Community Pays $550,000 to Settle Sexual Harassment Lawsuit

September 24, 2014
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The owners and operators of a Michigan community recently agreed to pay $550,000 and to terminate its property manager to settle a lawsuit for sexual harassment in violation of fair housing law.

The Justice Department filed the complaint, accusing the former manager of sexually harassing female residents at the community he managed. The lawsuit included the owners of the complex and claimed that they were liable for his actions.

The complaint alleged that the manager made unwelcome sexual comments and sexual advances to female residents, touched himself in a sexual manner in front of them, entered their homes without notice or permission, conditioned housing benefits on tenants engaging in sexual acts, and took adverse action against those who refused his advances.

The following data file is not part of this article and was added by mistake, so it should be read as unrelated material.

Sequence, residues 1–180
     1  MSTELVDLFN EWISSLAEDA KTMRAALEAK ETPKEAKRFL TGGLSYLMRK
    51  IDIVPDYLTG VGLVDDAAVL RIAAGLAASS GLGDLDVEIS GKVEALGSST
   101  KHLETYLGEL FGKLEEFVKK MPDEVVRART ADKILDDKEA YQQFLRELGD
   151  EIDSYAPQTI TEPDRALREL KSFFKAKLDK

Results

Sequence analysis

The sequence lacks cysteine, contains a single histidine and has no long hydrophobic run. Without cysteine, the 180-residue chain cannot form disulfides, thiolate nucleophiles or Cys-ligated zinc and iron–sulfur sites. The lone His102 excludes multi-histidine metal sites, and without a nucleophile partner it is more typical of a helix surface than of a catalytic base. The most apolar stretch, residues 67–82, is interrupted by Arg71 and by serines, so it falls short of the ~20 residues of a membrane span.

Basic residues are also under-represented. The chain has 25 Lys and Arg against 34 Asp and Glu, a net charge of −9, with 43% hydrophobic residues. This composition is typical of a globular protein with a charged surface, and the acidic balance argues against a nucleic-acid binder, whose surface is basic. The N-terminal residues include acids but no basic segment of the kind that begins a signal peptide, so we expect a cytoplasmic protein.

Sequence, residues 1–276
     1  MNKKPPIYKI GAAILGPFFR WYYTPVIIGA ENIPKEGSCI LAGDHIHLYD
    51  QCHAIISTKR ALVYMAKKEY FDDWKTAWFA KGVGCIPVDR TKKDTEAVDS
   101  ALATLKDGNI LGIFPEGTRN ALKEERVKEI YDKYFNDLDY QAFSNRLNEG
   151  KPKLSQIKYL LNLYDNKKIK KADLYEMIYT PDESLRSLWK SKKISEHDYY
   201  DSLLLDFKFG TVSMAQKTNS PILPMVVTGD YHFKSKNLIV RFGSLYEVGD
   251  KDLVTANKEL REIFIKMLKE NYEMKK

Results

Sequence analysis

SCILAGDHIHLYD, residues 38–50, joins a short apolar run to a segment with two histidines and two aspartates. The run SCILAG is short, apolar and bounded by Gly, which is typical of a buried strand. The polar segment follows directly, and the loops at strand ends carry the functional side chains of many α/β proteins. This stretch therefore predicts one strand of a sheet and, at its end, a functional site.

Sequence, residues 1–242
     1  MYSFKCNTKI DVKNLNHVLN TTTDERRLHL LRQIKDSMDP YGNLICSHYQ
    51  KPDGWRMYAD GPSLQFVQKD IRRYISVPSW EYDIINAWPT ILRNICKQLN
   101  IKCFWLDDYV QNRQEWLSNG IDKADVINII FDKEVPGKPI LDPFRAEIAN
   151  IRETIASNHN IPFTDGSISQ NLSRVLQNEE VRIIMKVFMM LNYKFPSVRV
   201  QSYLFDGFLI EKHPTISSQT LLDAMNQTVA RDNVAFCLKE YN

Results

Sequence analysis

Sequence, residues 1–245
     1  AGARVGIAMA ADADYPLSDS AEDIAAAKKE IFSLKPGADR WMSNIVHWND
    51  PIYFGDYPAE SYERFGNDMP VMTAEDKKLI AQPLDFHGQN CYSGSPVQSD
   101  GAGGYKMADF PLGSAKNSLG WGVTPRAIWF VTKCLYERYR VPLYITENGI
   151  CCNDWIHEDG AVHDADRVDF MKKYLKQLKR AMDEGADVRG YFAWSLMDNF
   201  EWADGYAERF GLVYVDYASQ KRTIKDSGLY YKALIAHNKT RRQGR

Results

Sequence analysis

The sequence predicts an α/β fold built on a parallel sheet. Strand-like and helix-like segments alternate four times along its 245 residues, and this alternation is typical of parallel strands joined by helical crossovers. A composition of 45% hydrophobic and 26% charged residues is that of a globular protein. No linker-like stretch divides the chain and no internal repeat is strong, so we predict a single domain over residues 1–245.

Under the settlement, the community agreed to pay $510,000 to victims of the sexual harassment and a $40,000 penalty. The $510,000 will be used to pay damages to 13 women who have already been identified and to any additional victims who are identified through the process established in the settlement agreement.

The settlement also prohibits all of the defendants from engaging in discrimination, and it requires that the owners create nondiscrimination policies for their properties and participate in fair housing training to prevent such conduct in the future. It also bars the former manager from personally participating in the management or operation of residential rental properties in the future and requires him to retain an independent manager to manage any rental properties he may later own.

“The magnitude of this settlement reflects the seriousness of the defendant’s conduct,” Molly Moran, Acting Assistant Attorney General for the Civil Rights Division, said in a statement. “No woman or her family should have to endure sexual harassment to keep the keys to their home.”

Source: U.S. Department of Justice